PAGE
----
My doctor has had me monitor my BP due to high values (150s/80s) when I visit him. At home I average about 130/70. No low, but I don't think in the worry stage yet. He attributed my high BP at the doctor's office to whitecoat hypertension. ;)

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by QuattroAssini

I was in the emergency room range at times......... :? However, just walking around, I was around 150/110, etc.

I never figured I had high BP, then I started having the crippling headaches. I finally went to the Dr's office one day in so much pain that I passed out in the lobby when I got there..... My BP was very very high then.... The headaches are mostly gone now, but if I miss a dose of medicine, they come back immediately.

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by mindisstrong

hey quattro

just as a follow up...

I recently visited my doctor about my BP.
i asked him whether my medication, AVAPRO, has an effect on HR. I asked him this a few times and he said "NO." He said that AVAPRO is the most advanced BP medication in recent years.

Importantly, he said that the average BP nowadays is 130/80. slightly higher than this isnt life threatening of itself, but above this range and you're causing long term damage to your body. Higher than this and there may be long term damage to arteries that could lead to eye probs, liver failure etc [when you exercise your BP is above this range, but he said it's irrelevant because there are enzymes released during exercie that help the arteries].

so for anyone outside this "optimal" range, even if you experience only mild hypertension, perhaps it would be well-advised to see your GP.
[for people like me who have high BP, remember to take your medication daily (if thats what you're supposed to do)!].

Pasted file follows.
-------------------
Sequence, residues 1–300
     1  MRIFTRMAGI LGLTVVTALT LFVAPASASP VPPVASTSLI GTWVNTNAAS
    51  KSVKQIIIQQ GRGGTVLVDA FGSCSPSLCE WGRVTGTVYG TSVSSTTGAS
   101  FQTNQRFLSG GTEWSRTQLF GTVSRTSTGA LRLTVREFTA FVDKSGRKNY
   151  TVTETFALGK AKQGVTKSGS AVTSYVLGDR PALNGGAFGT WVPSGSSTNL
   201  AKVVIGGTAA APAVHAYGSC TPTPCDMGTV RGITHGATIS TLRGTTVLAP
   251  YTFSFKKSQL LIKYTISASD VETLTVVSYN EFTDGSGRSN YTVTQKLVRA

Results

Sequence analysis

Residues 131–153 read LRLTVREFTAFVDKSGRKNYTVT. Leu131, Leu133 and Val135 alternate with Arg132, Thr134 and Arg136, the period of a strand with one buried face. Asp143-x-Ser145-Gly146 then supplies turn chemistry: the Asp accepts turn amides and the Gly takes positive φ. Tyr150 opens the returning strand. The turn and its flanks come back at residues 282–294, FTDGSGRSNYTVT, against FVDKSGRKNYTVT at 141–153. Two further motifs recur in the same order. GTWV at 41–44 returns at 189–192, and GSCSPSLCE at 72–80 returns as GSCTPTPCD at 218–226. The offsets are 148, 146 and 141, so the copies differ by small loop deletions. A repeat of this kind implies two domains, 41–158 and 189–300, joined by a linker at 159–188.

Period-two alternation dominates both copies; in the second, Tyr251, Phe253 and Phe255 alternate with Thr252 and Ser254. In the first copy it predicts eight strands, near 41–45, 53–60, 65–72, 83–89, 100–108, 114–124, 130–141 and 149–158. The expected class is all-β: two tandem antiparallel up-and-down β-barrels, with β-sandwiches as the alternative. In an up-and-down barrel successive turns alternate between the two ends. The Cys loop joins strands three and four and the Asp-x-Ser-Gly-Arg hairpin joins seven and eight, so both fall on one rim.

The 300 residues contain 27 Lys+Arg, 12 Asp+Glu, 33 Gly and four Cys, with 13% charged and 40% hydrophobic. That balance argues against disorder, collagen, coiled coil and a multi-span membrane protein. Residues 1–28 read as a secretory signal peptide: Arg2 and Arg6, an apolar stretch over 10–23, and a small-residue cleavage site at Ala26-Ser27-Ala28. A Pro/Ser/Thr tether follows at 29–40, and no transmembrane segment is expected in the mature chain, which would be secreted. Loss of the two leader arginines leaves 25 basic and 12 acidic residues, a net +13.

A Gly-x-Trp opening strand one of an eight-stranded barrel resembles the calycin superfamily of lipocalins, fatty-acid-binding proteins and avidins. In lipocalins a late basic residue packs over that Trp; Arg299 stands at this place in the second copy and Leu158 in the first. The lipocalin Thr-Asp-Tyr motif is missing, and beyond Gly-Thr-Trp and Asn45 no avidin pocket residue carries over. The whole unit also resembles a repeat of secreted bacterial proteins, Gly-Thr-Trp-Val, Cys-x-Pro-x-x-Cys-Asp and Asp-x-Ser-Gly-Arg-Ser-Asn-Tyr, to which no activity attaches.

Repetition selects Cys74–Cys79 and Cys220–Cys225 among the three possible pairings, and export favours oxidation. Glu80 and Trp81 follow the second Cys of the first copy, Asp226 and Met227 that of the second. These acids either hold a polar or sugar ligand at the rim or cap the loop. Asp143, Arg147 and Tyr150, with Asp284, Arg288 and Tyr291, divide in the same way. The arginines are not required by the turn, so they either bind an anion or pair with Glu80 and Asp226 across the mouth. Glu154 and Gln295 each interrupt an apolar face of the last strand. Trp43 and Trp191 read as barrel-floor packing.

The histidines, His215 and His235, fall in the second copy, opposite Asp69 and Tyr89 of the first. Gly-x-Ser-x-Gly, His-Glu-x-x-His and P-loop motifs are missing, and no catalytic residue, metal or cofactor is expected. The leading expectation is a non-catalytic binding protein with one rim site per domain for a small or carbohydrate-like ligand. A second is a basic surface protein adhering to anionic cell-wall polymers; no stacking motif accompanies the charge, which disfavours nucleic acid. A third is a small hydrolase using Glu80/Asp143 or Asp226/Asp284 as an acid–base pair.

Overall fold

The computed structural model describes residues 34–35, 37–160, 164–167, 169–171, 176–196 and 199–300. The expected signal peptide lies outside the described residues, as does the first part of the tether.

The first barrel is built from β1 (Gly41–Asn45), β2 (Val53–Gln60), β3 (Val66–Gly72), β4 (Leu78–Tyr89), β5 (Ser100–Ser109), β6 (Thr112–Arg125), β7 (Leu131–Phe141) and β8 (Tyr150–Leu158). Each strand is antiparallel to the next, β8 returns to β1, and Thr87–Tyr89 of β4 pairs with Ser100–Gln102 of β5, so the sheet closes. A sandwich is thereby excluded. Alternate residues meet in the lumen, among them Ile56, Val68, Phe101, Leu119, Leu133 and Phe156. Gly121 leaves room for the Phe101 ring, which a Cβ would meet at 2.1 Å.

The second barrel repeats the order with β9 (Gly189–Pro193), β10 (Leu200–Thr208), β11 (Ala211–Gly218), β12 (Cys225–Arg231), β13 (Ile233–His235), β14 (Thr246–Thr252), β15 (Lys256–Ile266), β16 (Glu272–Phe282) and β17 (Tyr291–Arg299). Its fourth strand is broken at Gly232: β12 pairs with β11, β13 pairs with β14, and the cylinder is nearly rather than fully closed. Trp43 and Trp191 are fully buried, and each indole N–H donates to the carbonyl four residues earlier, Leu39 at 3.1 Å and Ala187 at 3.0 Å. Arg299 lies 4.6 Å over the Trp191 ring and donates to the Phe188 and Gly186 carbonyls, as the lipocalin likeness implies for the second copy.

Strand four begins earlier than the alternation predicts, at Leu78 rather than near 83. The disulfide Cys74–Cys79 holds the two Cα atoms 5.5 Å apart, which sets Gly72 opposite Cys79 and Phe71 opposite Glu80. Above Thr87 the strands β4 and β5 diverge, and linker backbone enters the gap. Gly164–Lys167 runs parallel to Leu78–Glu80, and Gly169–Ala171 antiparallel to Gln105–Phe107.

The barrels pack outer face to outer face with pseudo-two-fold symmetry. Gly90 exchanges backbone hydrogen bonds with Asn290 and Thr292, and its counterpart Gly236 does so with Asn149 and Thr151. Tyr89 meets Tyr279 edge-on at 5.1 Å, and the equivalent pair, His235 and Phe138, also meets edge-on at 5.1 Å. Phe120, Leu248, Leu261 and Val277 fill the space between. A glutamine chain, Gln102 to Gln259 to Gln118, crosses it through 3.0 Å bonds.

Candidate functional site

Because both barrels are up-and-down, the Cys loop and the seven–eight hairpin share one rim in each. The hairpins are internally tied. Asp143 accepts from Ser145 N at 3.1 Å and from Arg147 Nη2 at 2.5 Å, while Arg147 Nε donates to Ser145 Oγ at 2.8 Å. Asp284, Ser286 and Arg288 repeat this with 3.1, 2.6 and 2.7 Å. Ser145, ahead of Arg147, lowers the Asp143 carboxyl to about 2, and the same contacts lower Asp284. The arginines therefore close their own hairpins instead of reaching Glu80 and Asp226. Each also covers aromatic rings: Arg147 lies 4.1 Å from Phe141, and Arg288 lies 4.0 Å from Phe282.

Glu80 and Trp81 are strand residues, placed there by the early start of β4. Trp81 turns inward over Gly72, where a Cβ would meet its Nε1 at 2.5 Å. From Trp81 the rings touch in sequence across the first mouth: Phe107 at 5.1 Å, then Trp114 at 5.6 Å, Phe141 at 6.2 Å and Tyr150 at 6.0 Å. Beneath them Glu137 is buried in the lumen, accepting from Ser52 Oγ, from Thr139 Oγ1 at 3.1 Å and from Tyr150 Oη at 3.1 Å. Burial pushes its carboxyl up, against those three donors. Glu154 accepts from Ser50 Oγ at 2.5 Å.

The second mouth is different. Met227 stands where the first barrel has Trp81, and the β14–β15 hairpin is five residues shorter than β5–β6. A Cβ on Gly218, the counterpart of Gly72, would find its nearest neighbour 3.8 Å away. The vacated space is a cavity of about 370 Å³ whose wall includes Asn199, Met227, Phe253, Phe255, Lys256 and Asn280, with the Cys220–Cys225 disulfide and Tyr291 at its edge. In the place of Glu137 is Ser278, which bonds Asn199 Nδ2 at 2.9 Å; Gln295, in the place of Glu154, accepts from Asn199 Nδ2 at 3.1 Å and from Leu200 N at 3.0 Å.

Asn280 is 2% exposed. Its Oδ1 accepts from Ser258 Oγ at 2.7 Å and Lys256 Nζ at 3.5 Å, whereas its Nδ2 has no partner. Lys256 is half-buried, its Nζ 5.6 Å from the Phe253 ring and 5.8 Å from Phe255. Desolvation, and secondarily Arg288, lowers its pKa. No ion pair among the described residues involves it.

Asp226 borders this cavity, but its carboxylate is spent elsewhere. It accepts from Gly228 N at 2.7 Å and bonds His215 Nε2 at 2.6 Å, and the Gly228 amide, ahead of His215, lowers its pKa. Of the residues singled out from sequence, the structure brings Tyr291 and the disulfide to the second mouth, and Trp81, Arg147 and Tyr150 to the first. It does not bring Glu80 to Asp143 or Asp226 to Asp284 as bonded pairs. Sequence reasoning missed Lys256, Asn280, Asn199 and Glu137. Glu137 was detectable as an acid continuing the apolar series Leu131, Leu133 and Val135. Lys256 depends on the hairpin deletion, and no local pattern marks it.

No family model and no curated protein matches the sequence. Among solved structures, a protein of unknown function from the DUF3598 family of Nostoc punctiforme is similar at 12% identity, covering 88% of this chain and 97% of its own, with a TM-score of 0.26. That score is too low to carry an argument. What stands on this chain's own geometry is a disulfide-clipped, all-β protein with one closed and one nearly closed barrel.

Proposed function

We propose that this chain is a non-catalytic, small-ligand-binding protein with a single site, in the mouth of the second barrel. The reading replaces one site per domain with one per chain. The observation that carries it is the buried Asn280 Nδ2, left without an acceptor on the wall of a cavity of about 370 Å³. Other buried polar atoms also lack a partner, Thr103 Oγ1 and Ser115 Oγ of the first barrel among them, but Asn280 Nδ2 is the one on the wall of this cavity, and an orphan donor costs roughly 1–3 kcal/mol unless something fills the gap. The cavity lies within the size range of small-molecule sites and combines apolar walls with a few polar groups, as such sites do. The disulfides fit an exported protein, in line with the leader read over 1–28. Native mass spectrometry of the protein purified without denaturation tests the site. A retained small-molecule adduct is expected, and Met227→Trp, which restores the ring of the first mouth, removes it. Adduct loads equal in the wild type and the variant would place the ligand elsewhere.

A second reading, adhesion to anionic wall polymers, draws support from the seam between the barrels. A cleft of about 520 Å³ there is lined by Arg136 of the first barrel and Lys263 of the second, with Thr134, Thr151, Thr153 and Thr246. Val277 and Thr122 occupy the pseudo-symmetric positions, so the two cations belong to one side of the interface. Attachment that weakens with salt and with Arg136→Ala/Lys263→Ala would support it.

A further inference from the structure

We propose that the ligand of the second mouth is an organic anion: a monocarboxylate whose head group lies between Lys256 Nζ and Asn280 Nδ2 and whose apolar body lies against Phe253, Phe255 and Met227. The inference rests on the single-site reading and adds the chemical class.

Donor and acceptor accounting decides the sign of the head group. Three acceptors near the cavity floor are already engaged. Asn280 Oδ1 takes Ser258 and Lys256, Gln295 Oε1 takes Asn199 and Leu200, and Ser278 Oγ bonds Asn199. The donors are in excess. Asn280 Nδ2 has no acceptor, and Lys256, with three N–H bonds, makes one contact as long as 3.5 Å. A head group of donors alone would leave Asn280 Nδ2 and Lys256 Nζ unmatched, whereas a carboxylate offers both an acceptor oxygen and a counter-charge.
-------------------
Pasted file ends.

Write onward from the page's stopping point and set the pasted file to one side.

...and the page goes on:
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by QuattroAssini

Mindisstrong, its interesting that you post today. I had my visit with my GP today and discussed the problem with him. He immediately commented that the BP meds I'm on definitely are limiting my HR as that is how it works.

I suggested that I'd like to try something else, and he balked at the idea. He commented that my BP is now under control, but I am still having the headaches that started this whole escapade, but at a much reduced rate with the current meds (we tried several different combinations before I finally started to not have the bad headaches).

Based on my comment that I was able to exercise if I did not take the meds in the morning before I rode, he asked me to begin taking all of my meds in the evening before bed. He said if I tried this for a couple weeks and it did not work out, we would look for an alternative med. I'm going to try it and see if it works.

Oh yeah... my BP today was 117/70 and I had not taken my morning dosage (I was fasting for the blood test)

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by KB

From a magazine report I read on BP, Amplodipine, as taken by Ernie Bilko was specifically recommended. In fact they guy writing the article reckoned it would save over 40,000 lives in the UK over the next 5 years by changing people over from the usual stuff as stated by Mises drugsACE/ARB or Calcium channel blockers are least problematic for exercise. Beta blockers and diuretics are the worst. The guy reckoned that the diuretic effects actually put the body under greater strain in many cases.

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by retemple

I'm 29 w/ stage 1 hypertension, CKD, and proteinurea. I race. I see a subspecialist (a nephrologist that specializes in hypertension). My max HR is 202. No problem getting my HR up. My resting hr is around 50. I've been on lisinopril, captopril, norvasc, and diovan. I've had the best luck with diovan.

I've had a couple EKGs and other than pronounced early repolarization (indicative of good fitness) everything is good to go.

by Weenie